Response to South Sudan refugee arrivals in Kenya – KEN141
Appeal Target: US$ 2,123,291
Less pledges/contributions: US$ 208,873
Balance Requested: US$ 1,914,508
Geneva, 3 February 2014
During the last months of 2013 there was a growing tension within the South Sudanese ruling party, the Sudan People’s Liberation Movement (SPLM). President Salva Kiir reorganized his entire cabinet in July, including the dismissal of his Vice President, Riek Machar. On the evening of the 15th of December 2013, violence erupted in Juba when Mr. Kiir accused Mr. Machar of staging a coup.
Since then about 650,000 people have been internally displaced (UN OCHA) and another 125,000 have fled South Sudan seeking refuge in the neighbouring countries of Sudan, Uganda, Kenya and Ethiopia. An unknown number of people have been killed; most estimates are more than 10,000’. The violence killings have in many places been ethnically based with clashes between Dinka and Nuer tribes.
The UN's Assistant Secretary-General for Human Rights, Ivan Simonovic, said when concluding a short visit to South Sudan that "The reports that we have come across involve mass killings, extrajudicial killings, widespread destruction and looting, and child soldier recruitment." He also reported rape, kidnappings, arbitrary detention.
A ceasefire agreement has been signed between the Government and the opposition on January 23rd, the agreement includes a commitment to halt fighting. The ceasefire specifically highlight that both sides must "refrain” from attacking civilians, carrying out summary executions and using child soldiers. It also commits both sides to an ‘all-inclusive dialogue’ and national reconciliation. The implementation of the agreement has been shaky and the ceasefire is fragile. Clashes have continued in several places, and people continue to flee from the country.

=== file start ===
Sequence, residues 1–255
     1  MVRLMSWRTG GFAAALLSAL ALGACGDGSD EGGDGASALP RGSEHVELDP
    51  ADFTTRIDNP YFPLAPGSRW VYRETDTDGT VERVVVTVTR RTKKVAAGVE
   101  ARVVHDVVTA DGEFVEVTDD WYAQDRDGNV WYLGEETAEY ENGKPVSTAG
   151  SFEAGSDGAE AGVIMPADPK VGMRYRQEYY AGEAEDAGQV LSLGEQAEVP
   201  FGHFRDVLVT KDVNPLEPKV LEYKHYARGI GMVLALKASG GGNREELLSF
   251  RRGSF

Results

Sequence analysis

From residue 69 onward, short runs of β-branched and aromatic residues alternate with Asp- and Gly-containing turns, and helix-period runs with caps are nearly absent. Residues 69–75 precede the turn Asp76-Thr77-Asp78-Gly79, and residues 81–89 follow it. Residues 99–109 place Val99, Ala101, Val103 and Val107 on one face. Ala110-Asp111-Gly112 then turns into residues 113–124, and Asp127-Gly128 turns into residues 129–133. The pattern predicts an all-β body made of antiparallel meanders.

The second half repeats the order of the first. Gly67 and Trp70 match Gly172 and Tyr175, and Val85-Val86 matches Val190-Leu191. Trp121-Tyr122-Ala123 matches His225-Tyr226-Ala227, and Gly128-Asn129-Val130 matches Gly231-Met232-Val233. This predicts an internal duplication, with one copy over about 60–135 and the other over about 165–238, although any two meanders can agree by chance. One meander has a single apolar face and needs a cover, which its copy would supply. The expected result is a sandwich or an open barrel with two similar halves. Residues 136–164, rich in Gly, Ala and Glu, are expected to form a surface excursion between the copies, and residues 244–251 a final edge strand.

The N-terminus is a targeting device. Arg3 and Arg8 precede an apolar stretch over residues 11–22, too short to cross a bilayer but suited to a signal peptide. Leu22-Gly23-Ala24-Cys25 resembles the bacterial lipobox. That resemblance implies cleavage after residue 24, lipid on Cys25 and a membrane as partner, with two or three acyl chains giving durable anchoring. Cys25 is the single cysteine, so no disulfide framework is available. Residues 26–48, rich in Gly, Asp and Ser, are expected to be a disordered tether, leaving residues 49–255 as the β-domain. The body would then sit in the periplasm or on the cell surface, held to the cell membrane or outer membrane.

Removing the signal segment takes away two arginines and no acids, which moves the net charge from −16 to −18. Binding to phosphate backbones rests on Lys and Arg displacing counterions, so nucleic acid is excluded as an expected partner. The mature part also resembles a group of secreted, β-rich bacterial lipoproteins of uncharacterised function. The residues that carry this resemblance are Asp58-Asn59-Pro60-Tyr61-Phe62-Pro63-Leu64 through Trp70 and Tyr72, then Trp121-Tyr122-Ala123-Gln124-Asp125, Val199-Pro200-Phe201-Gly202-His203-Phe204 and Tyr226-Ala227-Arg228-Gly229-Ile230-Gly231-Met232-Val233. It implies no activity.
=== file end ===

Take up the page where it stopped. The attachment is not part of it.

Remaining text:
ACT members in Kenya continue to meet and coordinate, and to coordinate with UNICEF, WFP and UNHCR in Kakuma. The contingency plan for UNHCR is for 30-50,000 refugees expected in Kenya. LWF and NCCK Kakuma programs together with the UN and other partners in Kakuma have agreed to initially prepare for an influx of 20,000 refugees during the first quarter of 2014. By end of January about 14,000 refugees have already arrived. In case more than 20,000 refugees arrive, the appeal will be revised.
The overall goal of the response in Kenya is to receive and support arriving refugees at Kakuma refugee camp and at the border point of Nadapal. LWF is responding in Child Protection, Reception Center Management, Water and Emergency Education while the NCCK is focusing on shelter. Both LWF and NCCK have long standing agreements as implementing partners of the UNHCR and is part of the coordination of the response at Kakuma.
A majority of the people being displaced are children, often traumatized by violence and many times separated or unaccompanied. On arrival at Kakuma refugee camp they are supported by the ACT members, LWF and NCCK, who provide for basic needs like non-food items, shelter, water, care for the children through child protection activities and emergency education.
For the full appeal document, please click here.